Apple has released two important updates for Safari and Java respectively. The updates, which are available via Software Update, bring a new site-by-site Java support along with other security updates.
The Safari update brings the version up to 6.0.4 and allows you to select on a site-by-site basis to enable, disable or partially allow the Java plug-in access. This is something that many have wanted, me included, given the security challenges of Java but the need for it on particular sites. In my case, disabling Java completely was never an option as I
have to have it on some of the sites for my day job. Now Safari has an option on the Preferences>Security tab that allows you to manage Java on a per-site basis.
For those who are running Snow Leopard, the Safari update takes you to version 5.1.9
Along with the Safari update, Apple has released a Java update along side. This update, Java for OS X 2013-003 (Mountain Lion) and Java for Mac OS X 10.6 Update 15, brings the supported Apple version of Java to the latest version of Java 6 which was released on Tuesday by Oracle.
Both of these updates are available via the Software Update function in OS X and both are free to download. The Safari update is approximately 47MB in size while the Java update weighs in at 67MB.
If you missed all the fun yesterday, Apple had several employees hacked yesterday. The exploit made its way into the Cupertino Macs via, wait for it, Java. Yes that programming language applet that we all hate but seemingly cannot divorce (as a colleague of mine said, “a bugger you can’t flick”) has become THE gateway for malware into Macs. It would seem that Apple themselves are not immune.
Not sitting back on this one, Apple has release a Java update today to fix this and other improvements. Here is the summary from the Apple Support Page
This release updates the Apple-provided system Java SE 6 to version 1.6.0_41 and is for OS X versions 10.7 or later.
This update uninstalls the Apple-provided Java applet plug-in from all web browsers. To use applets on a webpage, click on the region labeled “Missing plug-in” to go download the latest version of the Java applet plug-in from Oracle.
This update also removes the Java Preferences application, which is no longer required to configure applet settings.
Mac users are recommended to install this update immediately as it is available now in the Mac App Store under Updates. Even if you do not normally use Java you should install this update. This release supersedes any previous updates.
To get the update, open up the App Store on your Mac and go to the Updates tab.
If you have Java running on your Mac, you need to stop reading this post and immediately go disable it. I’ll wait. The latest update for Java 7 has a serious security flaw in it. In fact it is so serious, the US Department of Homeland Security has issued a bulletin recommending that it be completely disabled for Macs and PCs.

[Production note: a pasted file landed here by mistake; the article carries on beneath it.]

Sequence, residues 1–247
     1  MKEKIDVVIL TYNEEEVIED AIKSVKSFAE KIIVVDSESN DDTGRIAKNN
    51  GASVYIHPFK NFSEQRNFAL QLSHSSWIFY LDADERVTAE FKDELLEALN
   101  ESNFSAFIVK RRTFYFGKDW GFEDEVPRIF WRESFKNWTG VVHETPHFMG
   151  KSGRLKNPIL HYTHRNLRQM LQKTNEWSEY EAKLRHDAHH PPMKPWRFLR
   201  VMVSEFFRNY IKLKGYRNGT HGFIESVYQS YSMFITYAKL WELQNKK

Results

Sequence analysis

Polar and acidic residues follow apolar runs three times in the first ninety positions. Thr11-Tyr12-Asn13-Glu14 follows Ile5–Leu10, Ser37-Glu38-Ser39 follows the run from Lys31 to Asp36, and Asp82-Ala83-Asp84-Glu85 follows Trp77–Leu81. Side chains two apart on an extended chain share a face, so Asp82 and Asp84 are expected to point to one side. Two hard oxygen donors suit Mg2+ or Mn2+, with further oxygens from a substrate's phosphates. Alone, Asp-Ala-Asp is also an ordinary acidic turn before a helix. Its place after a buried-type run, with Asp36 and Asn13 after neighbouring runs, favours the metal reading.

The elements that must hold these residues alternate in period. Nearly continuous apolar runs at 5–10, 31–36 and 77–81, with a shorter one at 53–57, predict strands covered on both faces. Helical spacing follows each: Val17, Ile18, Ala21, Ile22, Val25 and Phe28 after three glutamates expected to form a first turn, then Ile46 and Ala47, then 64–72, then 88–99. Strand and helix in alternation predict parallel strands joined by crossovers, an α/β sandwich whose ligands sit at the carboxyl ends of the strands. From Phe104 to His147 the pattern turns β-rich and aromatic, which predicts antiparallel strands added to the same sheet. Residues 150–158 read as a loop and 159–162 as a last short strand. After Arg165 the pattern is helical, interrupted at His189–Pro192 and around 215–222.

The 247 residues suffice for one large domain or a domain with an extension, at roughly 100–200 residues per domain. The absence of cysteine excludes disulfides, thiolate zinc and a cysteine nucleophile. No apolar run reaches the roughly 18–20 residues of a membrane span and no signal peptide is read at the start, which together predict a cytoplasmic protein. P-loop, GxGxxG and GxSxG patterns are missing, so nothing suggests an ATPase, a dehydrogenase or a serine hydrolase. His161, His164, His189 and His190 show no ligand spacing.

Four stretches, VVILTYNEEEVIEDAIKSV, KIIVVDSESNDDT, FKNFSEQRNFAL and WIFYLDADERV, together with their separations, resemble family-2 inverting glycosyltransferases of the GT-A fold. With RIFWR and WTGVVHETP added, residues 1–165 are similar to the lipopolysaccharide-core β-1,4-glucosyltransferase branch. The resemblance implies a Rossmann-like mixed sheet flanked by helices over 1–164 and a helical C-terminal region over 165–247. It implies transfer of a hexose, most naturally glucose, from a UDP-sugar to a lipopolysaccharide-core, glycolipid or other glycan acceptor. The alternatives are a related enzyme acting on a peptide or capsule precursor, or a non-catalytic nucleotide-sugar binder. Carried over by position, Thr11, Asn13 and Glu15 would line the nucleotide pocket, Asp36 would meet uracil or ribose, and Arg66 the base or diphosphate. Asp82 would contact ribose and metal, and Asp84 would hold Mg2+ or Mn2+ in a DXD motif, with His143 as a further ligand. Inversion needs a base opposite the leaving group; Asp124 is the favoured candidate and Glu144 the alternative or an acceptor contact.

ZDNet posted a quote from CERT (Computer Emergency Readiness Team), which is part of the DHS, where they stated
“We are currently unaware of a practical solution to this problem,” said the DHS’ Computer Emergency Readiness Team (CERT) in a post on its Web site on Thursday evening. “This vulnerability is being attacked in the wild, and is reported to be incorporated into exploit kits. Exploit code for this vulnerability is also publicly available.”
The exploit is significant: It could potentially turn your Mac into a bot or could expose personal information to thieves for Identity Theft. At the very least users should disable the Java plug-in in Safari or, do what I’ve done, which is uninstall Java completely from your Mac.
To disable Java in Safari, open Safari then go to Preferences and tap the Security Tab. Remove the checkboxes in the Java
related items This will disable Java in Safari but will keep Java on your Mac should you need it for some other reason. Note that some sites are highly dependent on Java and they may not render correctly or at all.
If you want to uninstall Java completely from your Mac, open up Finder then search for JavaAppletPlugin.plugin. Once you find it, move it to
the Trash and that will uninstall it from your Mac.
To this point there is no known fix for this issue and literally hundreds of millions of Windows PCs, Macs and other devices are at risk.
It is not uncommon for a government agency to issue warnings about security issues with software but it is rare they recommend disabling software. Clearly the DHS feels this one is worthy of people paying attention to and eliminating from their computers.
There has been no word from Oracle, the makers of Java, on when a fix for this latest security issue will be issued. With as high profile as this particular flaw is in Java, hopefully they will make it sooner rather than later.